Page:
Simon Truong, 68, smoked cigarettes for 38 years. He heard about the
Helpline from Vietnamese television and radio and wanted to quit for his health
and his family.
Mr. Truong has been tobacco-free for 3 years, thanks to his hard work, the Helpline
and ongoing praise and support from his family. Being tobacco-free gives
him more energy and a healthier life. Simon advises other smokers, "If
you believe you can quit smoking, then youwill quit smoking."
Smoke-Free Cars Toolkit
The Helpline is working with the California Tobacco Control Program in outreach
efforts to promote the smoke-free cars law that went into effect January 1, 2008.
Local efforts are key to implementing a successful education campaign and protecting
youth from secondhand smoke exposure. TCP has developed a toolkit with useful resources.
Gold and Regale Salud Cards are Back!
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The Outreach team educates health care providers and organizations
with a health focus on the importance of tobacco cessation, while encouraging them
to promote Helpline services to their clients. In order to reach diverse
populations, the team partners with organizations representing communities with
high smoking prevalence, underserved communities and health care provider associations.
The team includes:
If you have any questions or partnership ideas please contact us individually or
via the Outreach
email or phone, 858-300-1010.
Want to help a loved one quit smoking? The Helpline is here to assist you!
A Helping Hand
The Helpline is an important resource not only for smokers, but also for the ones
who care about them and want to help them quit. Proxy callers are non-smokers who
call on behalf of a friend or family member who smokes. Proxy callers receive written
materials and guidance on how to help a smoker quit.
Here are some ideas for friends and family members who want to help:
Proxies can play an important role in the quitting process as smokers rely on the
support of their families during this challenging time.
- Read a booklet on how to quit smoking
- Ask the smoker what would be most helpful
- Keep in mind that quitting is hard
- Be patient with mood swings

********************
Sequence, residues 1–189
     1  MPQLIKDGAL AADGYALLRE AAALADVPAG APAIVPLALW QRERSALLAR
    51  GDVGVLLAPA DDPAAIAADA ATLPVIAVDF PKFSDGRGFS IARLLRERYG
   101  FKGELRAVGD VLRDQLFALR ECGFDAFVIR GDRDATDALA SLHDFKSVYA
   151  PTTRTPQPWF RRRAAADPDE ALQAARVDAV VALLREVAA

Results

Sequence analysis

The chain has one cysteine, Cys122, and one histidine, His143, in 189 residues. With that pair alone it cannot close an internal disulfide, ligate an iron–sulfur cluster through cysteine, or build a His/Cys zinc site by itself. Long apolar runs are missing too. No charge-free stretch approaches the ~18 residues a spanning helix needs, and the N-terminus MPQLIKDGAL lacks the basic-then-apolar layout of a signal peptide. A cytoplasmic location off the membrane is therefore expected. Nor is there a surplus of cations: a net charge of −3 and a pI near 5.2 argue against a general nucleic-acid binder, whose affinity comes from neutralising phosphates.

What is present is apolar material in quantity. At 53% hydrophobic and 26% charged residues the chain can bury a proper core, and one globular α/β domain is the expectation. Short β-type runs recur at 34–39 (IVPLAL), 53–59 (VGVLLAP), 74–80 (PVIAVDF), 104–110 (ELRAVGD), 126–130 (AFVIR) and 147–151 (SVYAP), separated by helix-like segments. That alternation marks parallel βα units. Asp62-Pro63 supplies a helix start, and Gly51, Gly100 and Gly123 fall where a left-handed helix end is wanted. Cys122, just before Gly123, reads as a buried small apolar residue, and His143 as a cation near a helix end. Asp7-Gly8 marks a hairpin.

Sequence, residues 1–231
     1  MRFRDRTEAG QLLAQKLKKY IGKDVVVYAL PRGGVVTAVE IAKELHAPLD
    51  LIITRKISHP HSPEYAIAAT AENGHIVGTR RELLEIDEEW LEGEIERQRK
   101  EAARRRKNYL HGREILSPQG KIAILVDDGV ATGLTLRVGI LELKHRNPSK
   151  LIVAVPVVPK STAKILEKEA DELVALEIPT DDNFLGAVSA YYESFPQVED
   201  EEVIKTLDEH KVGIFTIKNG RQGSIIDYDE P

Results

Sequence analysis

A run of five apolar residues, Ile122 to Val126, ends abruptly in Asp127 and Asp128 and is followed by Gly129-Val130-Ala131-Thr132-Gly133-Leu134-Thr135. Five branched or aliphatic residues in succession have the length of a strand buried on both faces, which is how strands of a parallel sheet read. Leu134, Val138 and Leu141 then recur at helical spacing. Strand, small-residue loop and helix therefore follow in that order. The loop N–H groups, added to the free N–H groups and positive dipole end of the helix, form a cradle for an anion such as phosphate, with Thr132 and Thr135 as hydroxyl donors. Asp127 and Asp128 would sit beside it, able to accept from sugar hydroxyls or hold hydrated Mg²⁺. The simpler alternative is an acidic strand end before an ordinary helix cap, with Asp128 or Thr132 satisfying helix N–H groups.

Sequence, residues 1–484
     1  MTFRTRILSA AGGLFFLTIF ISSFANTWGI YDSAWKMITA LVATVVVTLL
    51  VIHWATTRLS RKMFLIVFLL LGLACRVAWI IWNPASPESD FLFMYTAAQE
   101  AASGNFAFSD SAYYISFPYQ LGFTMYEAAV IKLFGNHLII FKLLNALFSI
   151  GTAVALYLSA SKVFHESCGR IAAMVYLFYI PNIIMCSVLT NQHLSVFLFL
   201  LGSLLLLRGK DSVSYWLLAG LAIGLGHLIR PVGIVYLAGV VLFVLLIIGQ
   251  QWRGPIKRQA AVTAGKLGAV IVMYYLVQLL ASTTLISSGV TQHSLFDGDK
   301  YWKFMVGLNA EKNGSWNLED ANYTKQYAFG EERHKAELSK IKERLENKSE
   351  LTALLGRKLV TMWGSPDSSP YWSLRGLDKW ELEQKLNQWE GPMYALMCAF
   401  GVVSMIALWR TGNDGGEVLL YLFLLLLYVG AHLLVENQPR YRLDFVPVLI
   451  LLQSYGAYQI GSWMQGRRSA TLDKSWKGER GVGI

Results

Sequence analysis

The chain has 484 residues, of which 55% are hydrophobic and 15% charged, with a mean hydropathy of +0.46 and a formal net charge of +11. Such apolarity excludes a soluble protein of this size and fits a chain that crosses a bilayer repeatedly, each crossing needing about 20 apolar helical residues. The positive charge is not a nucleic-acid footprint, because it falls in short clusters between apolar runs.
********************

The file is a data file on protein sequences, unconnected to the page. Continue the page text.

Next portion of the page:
- Understand that slips and relapse are normal
- Encourage them to keep trying, but avoid nagging
- Make the home smoke-free
- Suggest they call the Helpline
3 Minutes to Save a Life!
Health care providers can easily and efficiently help patients get on the road to
stop smoking. It only takes 3 minutes and 3 simple steps: Ask, Advise,
and Refer. The details are in the "Help Your Patients Quit Smoking"
pocket guide developed by the Helpline, the California Diabetes Program, and California
When health care providers ask patients if they smoke,
advise them to quit smoking and refer them to the Helpline, they double the chance
that those patients will make a quit attempt. Click here to order pocket guides and to
customize them for your organization.
Dental Hygienists Urge Smokers to Kick the Habit in 2008
by Lygia Jolley, RDH, BA
The California Dental Hygienists' Association (CDHA)
has been collaborating with the Helpline since 2004 and participating in the Ask,
Advise, and Refer program. Through CDHA's association with the Helpline,
the public has an increased awareness of the Registered Dental Hygienist as a source
of oral health information. As primary providers of both preventive and
therapeutic care, dental hygienists play an important role in promoting healthy
lifestyles by incorporating smoking cessation counseling into the dental hygiene
appointment. Dental hygienists ask their patients if they smoke, advise them to
quit, and refer them to the Helpline. By doing so, dental hygienists have made a
significant impact on their patients' oral and overall general health. In
January 2008, CDHA released a press release calling on Californians
to increase their oral and total health by setting the goal to stop smoking this
CDHA Public Relations Council Chair
Partnering with Vietnamese Media to Increase Awareness